Some people just don't have time for the café experience. 

By Elisabeth Sherman
August 14, 2017
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When it comes to coffee, there are two different kinds of people in the world: Those that rush to a coffee shop or café in the morning before work, grab their caffeinated fuel and drink it during their commute, or at their desks. And then there are those people who sit at the café and savor their coffee on a couch or in a plush chair, peacefully enjoying the moment. Where do these two types of people tend to live? A new survey has figured that out.

According to a report by Forbes, researchers at data analytics firm NPD Group put together a list of the countries where people are the most likely to buy to-go coffees, and perhaps it won’t surprise to find out that taking your coffee on the road is the least common in Spain and Italy, two places that take coffee and the slow pace of life seriously. In both of those countries, to-go coffees account for just three percent of all coffee orders. Café culture might soon shift in Italy at least, because as Forbes points out, Starbucks will be opening its first outpost in Milan in 2018.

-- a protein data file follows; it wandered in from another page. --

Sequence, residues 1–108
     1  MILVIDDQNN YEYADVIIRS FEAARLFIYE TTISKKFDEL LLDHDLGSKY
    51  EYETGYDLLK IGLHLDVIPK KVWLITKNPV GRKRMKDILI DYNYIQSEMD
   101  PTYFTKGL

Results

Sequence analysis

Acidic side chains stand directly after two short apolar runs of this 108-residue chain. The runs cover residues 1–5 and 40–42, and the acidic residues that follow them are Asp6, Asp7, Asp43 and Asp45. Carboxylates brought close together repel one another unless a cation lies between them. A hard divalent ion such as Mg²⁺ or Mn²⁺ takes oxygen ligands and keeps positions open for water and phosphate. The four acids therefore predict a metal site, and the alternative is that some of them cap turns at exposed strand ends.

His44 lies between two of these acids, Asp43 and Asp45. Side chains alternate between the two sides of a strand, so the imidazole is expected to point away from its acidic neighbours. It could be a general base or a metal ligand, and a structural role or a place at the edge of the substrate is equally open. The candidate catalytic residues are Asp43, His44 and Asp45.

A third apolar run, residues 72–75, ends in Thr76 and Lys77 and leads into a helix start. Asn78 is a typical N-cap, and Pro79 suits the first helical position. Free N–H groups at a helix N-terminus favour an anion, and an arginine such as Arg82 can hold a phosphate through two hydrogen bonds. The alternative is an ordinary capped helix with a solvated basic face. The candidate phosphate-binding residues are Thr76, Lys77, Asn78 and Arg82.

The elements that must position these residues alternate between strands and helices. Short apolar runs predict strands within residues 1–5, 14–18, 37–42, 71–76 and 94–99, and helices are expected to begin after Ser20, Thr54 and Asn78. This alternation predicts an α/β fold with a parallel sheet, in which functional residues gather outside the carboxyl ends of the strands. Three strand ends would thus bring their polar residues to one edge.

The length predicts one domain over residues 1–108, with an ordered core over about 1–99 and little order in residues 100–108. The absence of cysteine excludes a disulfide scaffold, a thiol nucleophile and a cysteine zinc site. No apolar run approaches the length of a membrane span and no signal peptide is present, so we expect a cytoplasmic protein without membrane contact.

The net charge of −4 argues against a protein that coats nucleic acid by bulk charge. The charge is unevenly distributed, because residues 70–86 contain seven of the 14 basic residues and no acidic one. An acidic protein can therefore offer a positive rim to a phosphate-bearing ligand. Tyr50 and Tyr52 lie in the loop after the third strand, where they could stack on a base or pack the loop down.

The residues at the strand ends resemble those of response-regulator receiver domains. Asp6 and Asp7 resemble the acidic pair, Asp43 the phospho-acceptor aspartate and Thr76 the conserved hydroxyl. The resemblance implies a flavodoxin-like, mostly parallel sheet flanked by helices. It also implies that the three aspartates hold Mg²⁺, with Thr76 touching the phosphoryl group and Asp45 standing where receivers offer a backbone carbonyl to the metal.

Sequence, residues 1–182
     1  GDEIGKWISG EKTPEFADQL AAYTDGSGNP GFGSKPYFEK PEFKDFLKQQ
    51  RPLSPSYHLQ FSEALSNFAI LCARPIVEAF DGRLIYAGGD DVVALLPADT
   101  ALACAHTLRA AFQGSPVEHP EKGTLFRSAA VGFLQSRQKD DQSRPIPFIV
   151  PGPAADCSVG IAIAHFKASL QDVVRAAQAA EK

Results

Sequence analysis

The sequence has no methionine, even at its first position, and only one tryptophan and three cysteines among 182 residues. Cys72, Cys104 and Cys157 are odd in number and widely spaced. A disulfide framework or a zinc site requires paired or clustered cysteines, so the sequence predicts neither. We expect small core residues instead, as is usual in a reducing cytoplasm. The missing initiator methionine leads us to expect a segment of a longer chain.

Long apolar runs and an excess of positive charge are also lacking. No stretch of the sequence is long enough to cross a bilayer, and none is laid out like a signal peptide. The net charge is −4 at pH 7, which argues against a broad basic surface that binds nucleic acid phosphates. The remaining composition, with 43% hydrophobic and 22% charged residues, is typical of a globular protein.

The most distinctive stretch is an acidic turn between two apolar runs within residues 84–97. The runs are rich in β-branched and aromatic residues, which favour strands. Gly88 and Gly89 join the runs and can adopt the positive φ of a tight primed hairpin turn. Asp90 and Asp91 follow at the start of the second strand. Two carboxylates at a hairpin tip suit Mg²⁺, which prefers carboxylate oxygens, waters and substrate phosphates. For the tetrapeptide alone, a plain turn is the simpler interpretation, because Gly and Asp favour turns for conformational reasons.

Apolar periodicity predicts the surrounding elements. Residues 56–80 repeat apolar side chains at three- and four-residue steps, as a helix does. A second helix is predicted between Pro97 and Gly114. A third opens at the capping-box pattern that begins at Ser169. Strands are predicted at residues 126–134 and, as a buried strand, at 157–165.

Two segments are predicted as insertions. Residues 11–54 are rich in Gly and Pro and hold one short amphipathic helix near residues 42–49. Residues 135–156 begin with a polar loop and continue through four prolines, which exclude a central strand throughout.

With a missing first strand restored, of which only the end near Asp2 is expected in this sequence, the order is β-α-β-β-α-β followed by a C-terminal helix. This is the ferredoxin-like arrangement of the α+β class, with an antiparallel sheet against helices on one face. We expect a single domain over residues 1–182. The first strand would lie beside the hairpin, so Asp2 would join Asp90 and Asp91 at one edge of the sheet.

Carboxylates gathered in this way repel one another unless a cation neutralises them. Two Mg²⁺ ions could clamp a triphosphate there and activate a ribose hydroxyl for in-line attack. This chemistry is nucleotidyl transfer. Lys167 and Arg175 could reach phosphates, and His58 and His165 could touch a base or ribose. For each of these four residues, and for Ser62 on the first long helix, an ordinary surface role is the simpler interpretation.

Meanwhile, on-the-go orders are much more common in North America. In the U.S. (where people drink around 400 million cups of coffee per day) and Canada, 45 percent and 43 perfect of all coffee is taken to-go, respectively. But it’s Japan that tops the list where 48 percent of coffee orders are to-go. Korea trails behind with 35 percent, while in China, it seems like coffee culture hasn’t caught on yet, with only 10 percent of all coffee orders made to-go. 

NPD also covered what food items are ordered the most to accompany coffee by country. In the U.S., most people like something savory to eat, like a sandwich, with their coffee, while people in Canada and South America prefer something sweet, like a doughnut or sweet bread. One thing all these countries definitely have in common? They all love their coffee.